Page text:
It’s quite common to work in an environment where you have your VPC connected to multiple other VPCs, either via VPC Peering or Transit Gateway, it’s no different for me. I was working on deploying an application on our in-house container platform. This container platform is hosted in another account/VPC, and it had to connect to the ElastiCache Redis instances hosted in our VPC/account. I was looking into timeouts connecting to the Redis instance from the application containers, and I figured this would be a good time to test out the VPC Reachability Analyzer.
The VPC Reachability Analyzer tool is a network diagnostic tool from AWS. You can access it from the VPC Section of AWS Console. Clicking on Reachability Analyzer, you enter the source, destination, optional intermediaries and click on “Analyze Path” for AWS to trace the path between the source and the destination.
I wanted to test the connection from the peered connection to the ElastiCache in the private subnet. I noticed the drop-down for destination (and the source ) did not have individual AWS services listed. That threw me off, as I couldn’t select ElastiCache there, but Ben Bridts pointed out that each of the ElastiCache nodes would have an ENI attached, so providing the ENI as the destination should work. That said, finding the ENI was not the most straightforward option - I had to head to ElastiCache, pick up the URL of a node, do a dig on node DNS to find the IP address, and search for the IP address on the ENI page on the AWS Console (the Elastic Network Interfaces is shown as an EC2 feature, to make you even more confused). I think there might be avenues to simplify this workflow here.
I created some test paths to check how it works, and the experience was mostly positive.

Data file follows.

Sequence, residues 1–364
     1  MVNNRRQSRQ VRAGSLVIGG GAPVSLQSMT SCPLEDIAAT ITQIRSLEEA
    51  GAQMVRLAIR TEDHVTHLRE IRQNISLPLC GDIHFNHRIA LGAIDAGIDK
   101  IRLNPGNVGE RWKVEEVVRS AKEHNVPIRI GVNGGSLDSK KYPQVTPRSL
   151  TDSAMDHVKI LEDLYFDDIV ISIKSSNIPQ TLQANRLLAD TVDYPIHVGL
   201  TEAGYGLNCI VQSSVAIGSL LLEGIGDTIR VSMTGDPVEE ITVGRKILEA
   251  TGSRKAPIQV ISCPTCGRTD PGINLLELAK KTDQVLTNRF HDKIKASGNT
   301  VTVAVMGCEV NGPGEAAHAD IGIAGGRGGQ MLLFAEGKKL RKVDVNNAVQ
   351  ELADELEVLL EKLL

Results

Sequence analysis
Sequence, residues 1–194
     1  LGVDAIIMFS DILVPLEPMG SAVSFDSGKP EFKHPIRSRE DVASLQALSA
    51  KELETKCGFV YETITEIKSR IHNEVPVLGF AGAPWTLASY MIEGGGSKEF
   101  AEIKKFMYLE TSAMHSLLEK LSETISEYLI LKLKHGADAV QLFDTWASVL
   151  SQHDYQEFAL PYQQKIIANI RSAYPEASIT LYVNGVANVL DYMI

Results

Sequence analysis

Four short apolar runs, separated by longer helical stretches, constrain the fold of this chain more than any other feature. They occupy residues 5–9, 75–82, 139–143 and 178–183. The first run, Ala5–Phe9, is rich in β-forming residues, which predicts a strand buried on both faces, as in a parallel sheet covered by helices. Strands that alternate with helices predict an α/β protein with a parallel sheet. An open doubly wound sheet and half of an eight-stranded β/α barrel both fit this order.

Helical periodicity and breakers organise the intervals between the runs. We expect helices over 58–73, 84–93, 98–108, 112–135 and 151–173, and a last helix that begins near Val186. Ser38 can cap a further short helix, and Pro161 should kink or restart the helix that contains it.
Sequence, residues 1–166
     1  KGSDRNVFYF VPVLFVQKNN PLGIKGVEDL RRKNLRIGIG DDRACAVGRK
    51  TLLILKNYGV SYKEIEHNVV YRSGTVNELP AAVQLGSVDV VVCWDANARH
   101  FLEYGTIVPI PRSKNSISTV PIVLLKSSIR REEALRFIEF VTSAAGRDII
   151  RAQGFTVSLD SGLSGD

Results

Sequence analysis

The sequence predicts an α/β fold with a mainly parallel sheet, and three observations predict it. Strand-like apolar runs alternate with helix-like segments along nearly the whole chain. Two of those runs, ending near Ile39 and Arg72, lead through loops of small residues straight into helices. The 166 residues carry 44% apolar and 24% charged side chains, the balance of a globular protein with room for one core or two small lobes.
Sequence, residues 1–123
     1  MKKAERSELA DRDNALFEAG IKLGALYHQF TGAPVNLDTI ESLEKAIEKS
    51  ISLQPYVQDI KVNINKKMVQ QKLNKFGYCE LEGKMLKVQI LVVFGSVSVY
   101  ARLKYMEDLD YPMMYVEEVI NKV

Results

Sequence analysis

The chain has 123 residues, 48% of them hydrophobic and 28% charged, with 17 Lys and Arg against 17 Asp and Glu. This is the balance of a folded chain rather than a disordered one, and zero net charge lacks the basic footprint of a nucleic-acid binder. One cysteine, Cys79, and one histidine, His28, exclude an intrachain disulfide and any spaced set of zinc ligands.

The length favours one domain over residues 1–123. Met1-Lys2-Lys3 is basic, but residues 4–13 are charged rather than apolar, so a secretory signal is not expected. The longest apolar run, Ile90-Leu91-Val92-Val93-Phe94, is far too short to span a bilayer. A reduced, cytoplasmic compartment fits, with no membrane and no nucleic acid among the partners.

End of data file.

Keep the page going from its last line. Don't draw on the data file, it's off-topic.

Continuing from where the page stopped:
For the first test, I created a path analysis with the peering connection as the source and the ENI of the ElastiCache Redis as the destination. However, I accidentally selected the wrong peering connection. When the test was completed, it showed a failure, and I was pleasantly surprised by the detailed error message, which outlined why the test failed:
For the next attempt, I tried to analyze the path between the correct peering connection and the Redis cluster, and the path trace failed - and yet again, the feedback and error message was pretty detailed in indicating where it was going wrong. It showed the two places where the connection was failing:
- The route table didn’t have the correct entries to route traffic from the peering into the private subnet.
- The security group rules were incorrectly configured and were not allowing connections from the peering connection to the Redis port.
Clicking on the details shows the full info about which route table, which security group is preventing the network communication from happening.
Once I corrected the errors, the reachability analyzer said all was good!
I was still seeing the timeout errors from the application container. And therein lies the trouble with the VPC Reachability Analyzer - if you have multiple routes to a destination, the analyzer seems to consider the fastest path and ignores the failing routes. This is shown briefly when you create an analysis, and it mentions using a particular intermediate component filter to analyze the alternate paths. The intermediate components can be load balancers, NAT gateways, and peering connections but not security groups, ACLs, network interfaces or route tables. In this particular case, there doesn’t seem to be a way to show alternate paths. I wish the Reachability Analyzer could use different subnets as an intermediate component filter. This should show the alternate paths where there are multiple routes via different subnets in different availability zones would show all the applicable paths and which ones are failing.
VPC Reachability Analyzer is still a fantastic tool to debug network connectivity issues, and I can see myself using this often. Path Analysis is charged at the rate of $0.10 per path analysis. And the fact that is done without sending any network traffic along the path is pretty awesome. For more details, you can refer to this re:Invent talk.